So, You've Got New Car Fever
- Monday, May 15, 2000
If you've just bought a new car or you're planning to buy one in the near future, you know how easy it is to make snap decisions. Some of you reading this article may already be dissatisfied with the car you purchased a short time ago.
Perhaps you acted too quickly. What seemed like a good buy then doesn't seem that it's so good now. Maybe there are other makes and models you wish you'd taken for a test drive.
Okay, let's say you haven't bought that new car yet. However, you've got new car fever bad, and it's not getting any better. There's still hope for you. Read on.
Cures for new car fever
The truth is that buying a new car is exciting and can be a very emotional experience. Therefore, before you enter an automobile dealership during business hours, commit yourself to the following.
- Patience - don't get in a hurry.
- Analysis - think through your options.
- Self-control - exercise restraint.
If you feel too pressured by salespeople, you may want to think about visiting dealerships when they're closed. In small town or rural areas, for example, many dealerships may close at 6:00 P.M. on weekdays or Saturdays.
Although you won't be able to get inside the vehicles when a dealership is closed, you also won't experience the pressure of salespeople. You'll be able to check out colors and have the opportunity to look at such things as the instrument panels and interior layouts.
If you have children you'll be able to tell if there's enough room for them in the back seat. You also may notice things you didn't see in the television commercials -- good or bad characteristics. This sort of "window shopping" is a good idea even for the experienced car buyer.
If you do go looking and use this method, keep a log of which models you like best; then try to get more information about them on the Internet or in Consumer Reports magazine, which rates new and used cars.
After taking time to narrow down your choices, you'll be a more informed consumer when the test-driving begins.
Also develop a long-term mentality about what you buy. In other words, plan to keep the car for several years or even drive it until it wears out.
The best car is one that's paid for
In line with that thought, you should make an effort to save money in advance to make a large down payment and buy within your means. When you do this, it will allow you to reduce the amount of money you'll have to borrow.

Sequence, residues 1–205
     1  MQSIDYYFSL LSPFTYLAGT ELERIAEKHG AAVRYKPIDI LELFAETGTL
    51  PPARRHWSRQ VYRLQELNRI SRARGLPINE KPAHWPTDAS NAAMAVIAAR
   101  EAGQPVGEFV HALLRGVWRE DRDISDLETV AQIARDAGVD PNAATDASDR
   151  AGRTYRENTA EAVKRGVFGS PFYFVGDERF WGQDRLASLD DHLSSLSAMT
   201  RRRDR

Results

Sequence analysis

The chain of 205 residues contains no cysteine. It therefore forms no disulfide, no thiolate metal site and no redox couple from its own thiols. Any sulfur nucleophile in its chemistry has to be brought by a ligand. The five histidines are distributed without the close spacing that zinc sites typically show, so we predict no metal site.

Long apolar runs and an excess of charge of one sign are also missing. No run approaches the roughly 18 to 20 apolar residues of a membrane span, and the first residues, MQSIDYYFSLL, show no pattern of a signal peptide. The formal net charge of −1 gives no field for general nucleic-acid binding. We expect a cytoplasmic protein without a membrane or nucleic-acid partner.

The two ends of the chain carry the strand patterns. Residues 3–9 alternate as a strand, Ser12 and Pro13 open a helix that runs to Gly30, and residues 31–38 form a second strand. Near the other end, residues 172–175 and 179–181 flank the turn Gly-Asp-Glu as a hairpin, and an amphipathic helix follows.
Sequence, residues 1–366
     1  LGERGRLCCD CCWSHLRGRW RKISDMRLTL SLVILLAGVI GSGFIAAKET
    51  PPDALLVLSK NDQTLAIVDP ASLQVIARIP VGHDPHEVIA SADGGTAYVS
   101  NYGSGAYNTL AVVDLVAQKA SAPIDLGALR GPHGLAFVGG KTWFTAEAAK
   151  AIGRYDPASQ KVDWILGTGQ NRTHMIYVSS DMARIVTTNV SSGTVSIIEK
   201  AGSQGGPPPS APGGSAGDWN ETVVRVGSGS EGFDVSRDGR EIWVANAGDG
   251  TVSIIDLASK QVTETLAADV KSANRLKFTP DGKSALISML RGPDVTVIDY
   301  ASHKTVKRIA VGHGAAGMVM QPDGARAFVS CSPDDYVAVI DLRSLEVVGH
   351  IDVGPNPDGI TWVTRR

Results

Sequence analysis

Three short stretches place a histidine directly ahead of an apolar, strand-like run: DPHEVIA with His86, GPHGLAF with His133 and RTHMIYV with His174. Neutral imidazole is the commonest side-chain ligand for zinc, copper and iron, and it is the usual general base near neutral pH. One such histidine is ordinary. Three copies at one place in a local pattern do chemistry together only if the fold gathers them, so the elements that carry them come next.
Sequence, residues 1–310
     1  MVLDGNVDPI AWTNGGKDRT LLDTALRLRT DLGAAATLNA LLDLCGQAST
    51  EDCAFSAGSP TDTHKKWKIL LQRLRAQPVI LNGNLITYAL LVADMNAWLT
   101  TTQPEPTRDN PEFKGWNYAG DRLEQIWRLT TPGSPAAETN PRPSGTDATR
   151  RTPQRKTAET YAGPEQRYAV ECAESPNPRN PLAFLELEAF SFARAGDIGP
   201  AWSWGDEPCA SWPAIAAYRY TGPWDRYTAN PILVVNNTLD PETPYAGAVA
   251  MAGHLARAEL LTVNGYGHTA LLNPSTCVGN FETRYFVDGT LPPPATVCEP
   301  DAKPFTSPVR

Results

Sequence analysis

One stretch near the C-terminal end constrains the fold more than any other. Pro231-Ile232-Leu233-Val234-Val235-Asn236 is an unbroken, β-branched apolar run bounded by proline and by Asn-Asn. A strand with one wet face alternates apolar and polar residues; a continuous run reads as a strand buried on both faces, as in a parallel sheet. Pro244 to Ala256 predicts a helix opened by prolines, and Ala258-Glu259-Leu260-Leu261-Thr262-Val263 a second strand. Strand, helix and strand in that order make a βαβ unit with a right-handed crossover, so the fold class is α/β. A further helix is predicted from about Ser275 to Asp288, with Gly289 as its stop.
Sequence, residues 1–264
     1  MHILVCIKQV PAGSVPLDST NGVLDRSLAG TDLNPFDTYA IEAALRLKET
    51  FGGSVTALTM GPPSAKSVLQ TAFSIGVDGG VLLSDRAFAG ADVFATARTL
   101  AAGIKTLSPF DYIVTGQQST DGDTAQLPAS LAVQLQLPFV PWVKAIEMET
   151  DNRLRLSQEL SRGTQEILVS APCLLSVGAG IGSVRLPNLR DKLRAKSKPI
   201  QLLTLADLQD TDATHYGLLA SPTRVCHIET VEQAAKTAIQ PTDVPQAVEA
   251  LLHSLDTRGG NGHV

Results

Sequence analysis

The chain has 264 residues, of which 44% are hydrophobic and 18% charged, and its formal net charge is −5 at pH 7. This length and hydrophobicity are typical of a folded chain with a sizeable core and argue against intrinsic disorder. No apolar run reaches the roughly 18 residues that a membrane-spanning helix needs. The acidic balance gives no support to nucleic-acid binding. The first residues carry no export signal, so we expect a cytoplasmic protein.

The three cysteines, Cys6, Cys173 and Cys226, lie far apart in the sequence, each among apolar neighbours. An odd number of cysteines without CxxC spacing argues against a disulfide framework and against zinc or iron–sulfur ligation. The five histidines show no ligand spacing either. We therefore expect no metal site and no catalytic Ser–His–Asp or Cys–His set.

In addition, be sure that the car loan you might assume will allow you to make extra payments toward the principal. As a result, you can pay off the loan earlier and actually own the car before the loan term ends.
If you've never actually owned a debt-free car before, I challenge you to try it. You may find that, for the first time in your life, you want to keep a car longer than a few years. Remember, the clich I often use is true: the cheapest car to drive usually is the one you already own.
By all means, don't buy a car based on payments. No doubt, the payments may be cheap, but the reason may be that the loan has been spread out over six years. That's a long time to stay in debt for a car that will lose much of its value before you make that final payment.
Leasing or buying
Then, avoid thinking that you should lease a car because you can't afford the down payment to buy a car. If you lease, you'll still be expected to put up a relatively large up-front deposit; and for most noncommercial vehicles, leasing is the most expensive option. Just remember, car dealers don't sell (or lease) cars below their costs. Negotiate the best deal possible; but then shop other dealers before you decide.
Finally, recognize the importance of getting the most out of the paid-for car you own. It's probably the most cost-effective thing to do. And, while you're driving this car you can be setting money aside for a new one; or, better yet, a good used car.
Remember, God's blessings will add no sorrow to your life, but buying possessions that are too expensive for your budget might. "It is the blessing of the Lord that makes rich, and He adds no sorrow to it" (Proverbs 10:22).
Recently on Finances
Live Artistically for GodDouglas Mann's new book claims "All Christians are artists"
History's Smartest DogHow will "Mr. Peabody & Sherman" translate to modern times?
Problems Post-ChurchIs Post-Traumatic Church Syndrome a real thing?
Lead Her in PrayerSam Ingrassia explains the importance of a praying husband
Have something to say about this article? Leave your comment via Facebook below!
advertise with us
Example: "Gen 1:1" "John 3" "Moses" "trust"
Listen to Your Favorite Pastors
Add Crosswalk.com content to your siteBrowse available content